So you have a wonderful piece, which I will link to on the website about the history of the rights education, stemming from the 14th amendment and after the Civil War, and one of the things point out, which you've alluded to is that we have that whatever rights there are to education are on the state level, not on the federal level. And we're running out of time. So Alaska sort of generic question, which is, is there a reason for optimism? Do you feel optimism about the future of the rights of education, not just education institutions, but do you think that progress is being made and will be made in terms of this tradition of thinking education in terms of rights, or do you feel pessimistic? And do you think that in the end, it's going to be the vicissitudes of politics and social interaction that makes us decision as as a constitutional lawyer? Is there reason for optimism,
yet? 2.2 part answer and in the spring of 2016, I thought we were on the verge of a new constitutional hair. Education and partly because what I had sort of discovered in regard to the right to education I thought I had found, you know, the Holy Grail is one of my colleagues called it although he caution TV, but nonetheless a cautioning against holy grail thinking, but I thought I had it. And I stumbled across it. So like an archaeologist, just sweeping dirt away looking for her bones, and then they find an alien artifact, or I don't know if that's ever happened. But in any event, so I was extremely optimistic as I see the Supreme Court changing now, I worry. Not that I didn't find the holy grail, but that some judges might just smash it and if you break the holy grail, you don't you can't put it back together at some later point. So So, and that's sort of a political conversation who's on the court, but, you know, what is that whole Grail, at least as I would describe it, well, there's this fascinating thing that happened, you know, in 1865 to 1868, which was, you know, we just had a civil war and Congress had to put our nation back together, right? We've got illiteracy rates in the south that are four times the literacy rate in the north, and I'm just talking about white folks. You know, and of course, we've got millions of African Americans who've been held in slavery, for whom it is a crime has been a crime to read and write. Alright, so Commerce has come up with a solution how we could build democracy in a place that, you know, a lot of white folks can't read, and they can't vote either. A lot of white folks, you know, without land couldn't vote, white women couldn't vote, and, of course, all African Americans how we're going to make democracy and Congress passes the reconstruction act. We have got a number of states that ratify the 14th amendment, but the 14th amendment isn't part of the Constitution yet. And so Congress says, here's our plan. Southern states, if you want to be part of this nation again. Alright, we've got a few conditions for you. And in fact, the Constitution gives Congress the authority to place those conditions constitution says Congress has the authority to ensure what we call a republican form of government, in every state, by a republican form of government will just say, direct democracy to ensure a working real democracy there. And so Congress says, we know how we're going to do that one, you're going to let everybody vote? Not when you're gonna let all the males vote. Right. And this is before we even past 15 minutes, and you're going to rewrite your constitutions and make sure you're providing public education.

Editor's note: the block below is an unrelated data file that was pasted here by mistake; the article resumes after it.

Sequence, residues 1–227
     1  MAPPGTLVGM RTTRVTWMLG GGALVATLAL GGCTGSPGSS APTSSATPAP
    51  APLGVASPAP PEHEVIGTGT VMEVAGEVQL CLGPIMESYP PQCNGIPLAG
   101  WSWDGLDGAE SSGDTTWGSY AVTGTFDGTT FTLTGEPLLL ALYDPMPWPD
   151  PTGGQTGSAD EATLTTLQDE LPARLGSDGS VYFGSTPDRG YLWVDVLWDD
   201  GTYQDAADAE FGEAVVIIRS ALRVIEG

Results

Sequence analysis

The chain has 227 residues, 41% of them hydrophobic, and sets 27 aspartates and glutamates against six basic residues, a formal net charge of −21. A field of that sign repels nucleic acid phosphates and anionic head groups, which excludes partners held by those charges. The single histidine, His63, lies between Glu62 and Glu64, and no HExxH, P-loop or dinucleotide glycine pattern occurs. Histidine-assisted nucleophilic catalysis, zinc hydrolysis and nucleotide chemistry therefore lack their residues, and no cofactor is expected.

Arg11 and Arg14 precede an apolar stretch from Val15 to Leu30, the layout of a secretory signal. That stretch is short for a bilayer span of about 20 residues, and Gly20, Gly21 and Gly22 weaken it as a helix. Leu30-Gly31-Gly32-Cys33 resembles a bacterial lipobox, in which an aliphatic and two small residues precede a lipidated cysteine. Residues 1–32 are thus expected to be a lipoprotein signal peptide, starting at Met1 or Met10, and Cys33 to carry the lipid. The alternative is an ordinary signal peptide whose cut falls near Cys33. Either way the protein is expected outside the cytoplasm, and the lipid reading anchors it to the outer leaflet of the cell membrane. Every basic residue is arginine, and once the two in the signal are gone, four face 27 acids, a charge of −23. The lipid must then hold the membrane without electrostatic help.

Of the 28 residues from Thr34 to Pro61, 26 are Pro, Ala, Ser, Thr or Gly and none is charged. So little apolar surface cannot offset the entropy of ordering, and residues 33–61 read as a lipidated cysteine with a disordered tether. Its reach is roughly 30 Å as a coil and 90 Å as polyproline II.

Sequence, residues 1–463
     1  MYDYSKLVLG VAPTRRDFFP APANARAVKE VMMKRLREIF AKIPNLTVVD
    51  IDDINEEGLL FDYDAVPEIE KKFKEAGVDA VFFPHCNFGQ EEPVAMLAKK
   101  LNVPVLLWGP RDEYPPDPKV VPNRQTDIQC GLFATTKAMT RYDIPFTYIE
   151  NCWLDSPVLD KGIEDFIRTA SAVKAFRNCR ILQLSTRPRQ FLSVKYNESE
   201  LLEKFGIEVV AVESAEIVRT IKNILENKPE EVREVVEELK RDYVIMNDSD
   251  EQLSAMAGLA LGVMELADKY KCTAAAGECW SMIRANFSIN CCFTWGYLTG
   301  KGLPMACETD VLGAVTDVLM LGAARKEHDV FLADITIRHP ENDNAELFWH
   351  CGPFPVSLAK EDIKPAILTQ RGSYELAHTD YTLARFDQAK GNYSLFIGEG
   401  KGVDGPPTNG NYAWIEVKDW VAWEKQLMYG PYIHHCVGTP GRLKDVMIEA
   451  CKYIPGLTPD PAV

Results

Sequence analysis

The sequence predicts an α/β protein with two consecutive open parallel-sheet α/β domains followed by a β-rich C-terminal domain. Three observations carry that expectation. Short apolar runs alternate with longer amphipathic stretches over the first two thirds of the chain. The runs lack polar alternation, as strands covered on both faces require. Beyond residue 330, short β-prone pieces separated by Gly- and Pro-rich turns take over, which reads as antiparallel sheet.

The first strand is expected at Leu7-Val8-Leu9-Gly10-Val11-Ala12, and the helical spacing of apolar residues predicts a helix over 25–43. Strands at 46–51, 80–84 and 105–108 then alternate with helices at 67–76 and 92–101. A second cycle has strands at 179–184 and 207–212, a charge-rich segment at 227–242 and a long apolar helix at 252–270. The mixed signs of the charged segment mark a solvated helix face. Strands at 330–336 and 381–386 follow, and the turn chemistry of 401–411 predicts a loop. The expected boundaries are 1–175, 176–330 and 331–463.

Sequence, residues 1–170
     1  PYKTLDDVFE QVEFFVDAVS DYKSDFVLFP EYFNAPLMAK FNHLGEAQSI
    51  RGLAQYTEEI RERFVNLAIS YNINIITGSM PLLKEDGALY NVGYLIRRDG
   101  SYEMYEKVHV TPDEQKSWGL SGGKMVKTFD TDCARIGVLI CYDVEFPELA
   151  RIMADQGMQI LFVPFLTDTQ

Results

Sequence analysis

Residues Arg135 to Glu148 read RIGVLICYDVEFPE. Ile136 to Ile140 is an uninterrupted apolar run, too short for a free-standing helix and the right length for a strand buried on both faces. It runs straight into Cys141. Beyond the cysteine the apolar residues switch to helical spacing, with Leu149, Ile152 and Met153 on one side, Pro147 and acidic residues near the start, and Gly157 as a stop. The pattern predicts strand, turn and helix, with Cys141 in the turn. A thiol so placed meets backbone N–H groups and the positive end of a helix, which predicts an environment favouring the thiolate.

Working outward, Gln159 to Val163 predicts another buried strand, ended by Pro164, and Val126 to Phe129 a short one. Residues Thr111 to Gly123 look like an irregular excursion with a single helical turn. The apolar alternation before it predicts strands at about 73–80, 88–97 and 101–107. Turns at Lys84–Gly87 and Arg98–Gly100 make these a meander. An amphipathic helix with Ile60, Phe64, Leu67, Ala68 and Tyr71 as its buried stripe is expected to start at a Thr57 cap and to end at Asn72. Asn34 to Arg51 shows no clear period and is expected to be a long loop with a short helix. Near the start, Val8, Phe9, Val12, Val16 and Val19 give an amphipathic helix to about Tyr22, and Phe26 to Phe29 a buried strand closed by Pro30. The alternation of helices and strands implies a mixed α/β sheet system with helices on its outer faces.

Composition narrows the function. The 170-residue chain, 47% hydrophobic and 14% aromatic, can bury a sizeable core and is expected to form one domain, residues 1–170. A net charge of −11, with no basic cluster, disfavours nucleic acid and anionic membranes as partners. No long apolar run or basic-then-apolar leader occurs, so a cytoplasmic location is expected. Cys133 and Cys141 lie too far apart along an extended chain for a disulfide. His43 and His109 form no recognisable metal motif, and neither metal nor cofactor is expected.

reconstruction act is 1867. Congress does this.
In a matter of two years.